Villagers in Laos Fearful of New Chinese Tourism Project

laos-china-casino This Chinese-owned casino, in Ton Pheung district, Bokeo province, is the centerpiece of a 10,000-square meter "Golden Triangle Special Economic Zone" set up by communist-ruled Laos with investment from their giant neighbor.

Villagers in the remote Lao hamlet of Huaiyae in the scenic Vang Vieng region north of the capital Vientiane are concerned about possibly losing their land to a Chinese development project, after local authorities were spotted in the town taking measurements and noting the locations of trees.

Vientiane provincial authorities have confirmed there is a Chinese firm looking to develop the Vang Vieng district area in which Huaiyae sits, but they say that land belonging to locals won’t be touched. Villagers are, however, skeptical.

“We saw [them] come into our village and take notes about trees,” said a Huaiyae resident in an interview with RFA’s Lao Service.

“We will not give up our land. Where [else] are we going to live?” the resident said, adding, “We will let them take as many notes as they want, but we will not give up our land!”

Vang Vieng has long been a draw for Western backpackers and other tourists drawn by its spectacular limestone scenery, rivers and rural charm. Lying on the route of a planned Lao-China railroad it is also potential magnet for Chinese visitors.

Last year, the Lao-Vang Vieng New Area Development Company, signed a memorandum of understanding (MOU) with Laos, for what's described as a sustainable tourism project. It will reportedly run in three phases over 15 years at a cost of U.S. $5.5 billion. That could create thousands of jobs but it is unclear how many of those jobs will go to Lao villagers.

Meanwhile, Vientiane province has granted another Chinese company permission to survey the area of a former airport in Vang Vieng for construction of an entertainment complex, including a shopping mall, hotels, and other structures on 15 hectares of land at a cost of U.S. $200 million, sources say.

In Huaiyae, the Chinese investment plans have generated more anxiety than hope.

The villager said that in addition to the notes about trees, the authorities measured the size of their houses.

“Nobody has agreed to sign any documents,” the villager said.

Another villager seemingly contradicted this claim, saying that some of the people in the village did sign documents.

“The family next to my house signed, but I did not,” the second villager said.

“I let [them] measure my house, but wouldn’t sign the document they presented to me,” said the villager.

“Most people don’t like [the idea of] the area being developed by this Chinese investor.”

A third villager explained that if they are ever forced to sell their land for the project, they won’t be properly compensated.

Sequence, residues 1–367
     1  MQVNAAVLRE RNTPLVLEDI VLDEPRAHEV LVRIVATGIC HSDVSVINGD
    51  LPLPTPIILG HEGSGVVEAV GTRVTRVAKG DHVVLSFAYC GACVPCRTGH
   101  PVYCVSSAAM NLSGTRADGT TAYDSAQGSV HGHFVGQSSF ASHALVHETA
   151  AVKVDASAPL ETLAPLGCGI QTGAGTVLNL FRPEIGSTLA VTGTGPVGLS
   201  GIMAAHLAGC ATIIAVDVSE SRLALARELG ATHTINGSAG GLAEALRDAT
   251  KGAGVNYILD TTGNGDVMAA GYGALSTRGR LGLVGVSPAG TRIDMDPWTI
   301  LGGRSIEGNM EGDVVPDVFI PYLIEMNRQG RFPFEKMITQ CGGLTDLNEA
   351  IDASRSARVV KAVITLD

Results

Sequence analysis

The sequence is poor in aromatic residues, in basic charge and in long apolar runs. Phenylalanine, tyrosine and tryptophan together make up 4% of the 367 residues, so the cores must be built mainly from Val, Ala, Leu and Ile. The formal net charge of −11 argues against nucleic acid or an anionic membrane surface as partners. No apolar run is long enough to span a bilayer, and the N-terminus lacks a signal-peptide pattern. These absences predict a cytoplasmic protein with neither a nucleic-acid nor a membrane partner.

“Many people will be angry if the project actually starts, because compensation for their land will be based on estimates made by the state,” said the third villager.

“My plot of land has a current market value worth about $220,000, but the state will say it is worth much less than that.

AVientiane provincial official who requested not to be named confirmed to RFA that a Chinese-owned firm is interested in developing the area of the western bank of the Xong River in Vang Vieng as a new tourism project.

“They are still in an 18-month survey period, but it is still unclear what they really want to do,” the official said.

“They will make a tourism development that includes the participation of the local people,” said the official.

The area said to be under survey comprises 32 villages. Local residents say that district authorities have suspended the issuance of land titles to people who own land along the Kuang River since the end of 2017, as well as prohibiting development within the area without permission.

The citizens of at least 11 villages including Huaiyae have made a pact not to sign any documents from land authorities.

They have also asked the provincial and central governments to carefully review any impact the project might have on the local people and the environment in the long term.

The villagers say that tourism has already been harmful to the environment in their region and they fear that the natural resources upon which local livelihoods depend will be exploited to generate income for others in unsustainable ways.

As one of the least developed Southeast Asian nations, Laos has become a target for massive foreign investment, especially from companies from neighbors China, Thailand, and Vietnam, which receive attractive investment incentives from the Lao government.

Reported and translated by Phouyong for RFA’s Lao Service. Written in English by Eugene Whong.

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